When Does Carbon Monoxide Death Become Criminal?

By Rebecca Martin

Charles Suire, 49, suffered a carbon monoxide death on November 28, 2022 in a third floor boiler room at the Victory Inn and Suites, 3750 Washtenaw Avenue in Ann Arbor, Michigan. Perhaps a 2019 YELP review predicted what would eventually be set in motion by the death of Charles Suire.

“Do not book this place. It’s a safety hazard” – 11/18/2019

MLive recounts the incident details of what happened on November 28:

Police were initially contacted to perform a welfare check for a 14-year-old student who lived in the hotel with his mother and father. The student had failed to turn up at school. When the police arrived, they spoke to the student who said he had not gone to school because he was worried about his father. His father, Mr. Suire, was a maintenance worker at the hotel. He had left the previous day around 3pm and failed to return to their lodging.

carbon monoxide death

The November 2022 carbon monoxide death at the Victory Inn and Suites in Ann Arbor, Michigan was found to be 100% preventable by the Michigan Occupational and Safety Administration.

A search began of the hotel to find the missing man. Surveillance tapes revealed that he had entered the boiler room about 3pm and failed to re-emerge. But when police attempted to open the door to the boiler room, it was locked, and the fire department was called in to assist. When they finally gained entry, they discovered Mr. Suire slumped against a wall deceased.

Firefighters were able to measure the presence of the maximum testable value of carbon monoxide at 500ppm.  Later, DTE Energy was able to test the levels at 1000ppm. (It is often true when you see round numbers on ambient CO levels, that they were actually higher, but that the meter the technician was using maxed out at these round numbers. This is called pegging a meter.)

After DTE Energy shut off the gas and the hotel guests were relocated to other lodging, air monitoring was conducted, and the building was ventilated. A visual inspection of the property was conducted, and it was discovered that a fallen sheet of steel had fallen and blocked the boiler room ventilation on the roof. The system’s air intake was also blocked by a garbage bag that blocked off the flow of fresh air into the boiler room.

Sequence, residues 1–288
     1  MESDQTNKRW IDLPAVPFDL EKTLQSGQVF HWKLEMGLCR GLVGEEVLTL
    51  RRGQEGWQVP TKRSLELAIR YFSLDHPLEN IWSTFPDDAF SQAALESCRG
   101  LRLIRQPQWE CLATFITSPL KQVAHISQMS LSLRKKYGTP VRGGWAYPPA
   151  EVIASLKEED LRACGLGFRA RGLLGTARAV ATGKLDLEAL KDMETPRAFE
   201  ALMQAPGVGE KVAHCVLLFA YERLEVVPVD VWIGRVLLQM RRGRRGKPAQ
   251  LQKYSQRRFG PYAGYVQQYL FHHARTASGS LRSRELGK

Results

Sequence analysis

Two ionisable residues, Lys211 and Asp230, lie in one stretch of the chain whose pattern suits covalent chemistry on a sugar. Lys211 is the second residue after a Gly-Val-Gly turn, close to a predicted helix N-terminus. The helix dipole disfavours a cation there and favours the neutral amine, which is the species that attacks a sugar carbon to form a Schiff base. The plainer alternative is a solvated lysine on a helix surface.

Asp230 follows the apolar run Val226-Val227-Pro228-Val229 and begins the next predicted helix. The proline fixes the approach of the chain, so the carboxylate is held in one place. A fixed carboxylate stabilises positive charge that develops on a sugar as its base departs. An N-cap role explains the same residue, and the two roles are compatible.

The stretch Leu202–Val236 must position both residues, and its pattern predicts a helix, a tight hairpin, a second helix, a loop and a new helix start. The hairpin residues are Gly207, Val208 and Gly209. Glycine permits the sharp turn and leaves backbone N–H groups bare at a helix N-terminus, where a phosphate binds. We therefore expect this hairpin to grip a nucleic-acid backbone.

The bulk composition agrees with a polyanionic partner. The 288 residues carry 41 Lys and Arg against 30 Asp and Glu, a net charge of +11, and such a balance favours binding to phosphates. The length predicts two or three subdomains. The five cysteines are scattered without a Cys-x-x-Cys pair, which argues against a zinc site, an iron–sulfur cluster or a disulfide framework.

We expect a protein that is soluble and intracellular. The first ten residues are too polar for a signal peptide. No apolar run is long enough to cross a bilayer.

The City Building Department declared the hotel unsafe to occupy until repairs could be made. In addition to the boiler room incident, a building official stated that sanitation issues were of concern as the building did not have running water at the time.

Surveillance tapes revealed that Mr. Suire had not shown any abnormal behavior on entering the boiler room and suicide and foul play were immediately ruled out in the carbon monoxide death.

An autopsy was performed on Mr. Suire, and it was confirmed that Mr. Suire had died of carbon monoxide poisoning.

As a result, a thorough investigation was performed.

MIOSHA Investigation into Carbon Monoxide Death

The most notable of these investigations involved MIOSHA. the Michigan Occupational Safety and Health Administration. This agency works with employers and employees to prevent workplace injuries, illnesses, and fatalities in Michigan. https://www.michigan.gov/leo/bureaus-agencies/miosha

In most cases, an officer will conduct a physical inspection of the workplace. Measurements will be taken if deemed necessary. Conditions that could endanger the safety and health of employees will be identified and documented as they relate to violations of MIOSHA’s standards. Once the inspection is complete a response to any violations will be determined based on the severity of the violations. https://www.linkedin.com/pulse/6-reasons-osha-inspect-your-workplace-gabe-l-sierra#:~:text=Employees%20have%20the%20legal%20right,)%20raised%2C%20and%20other%20factors.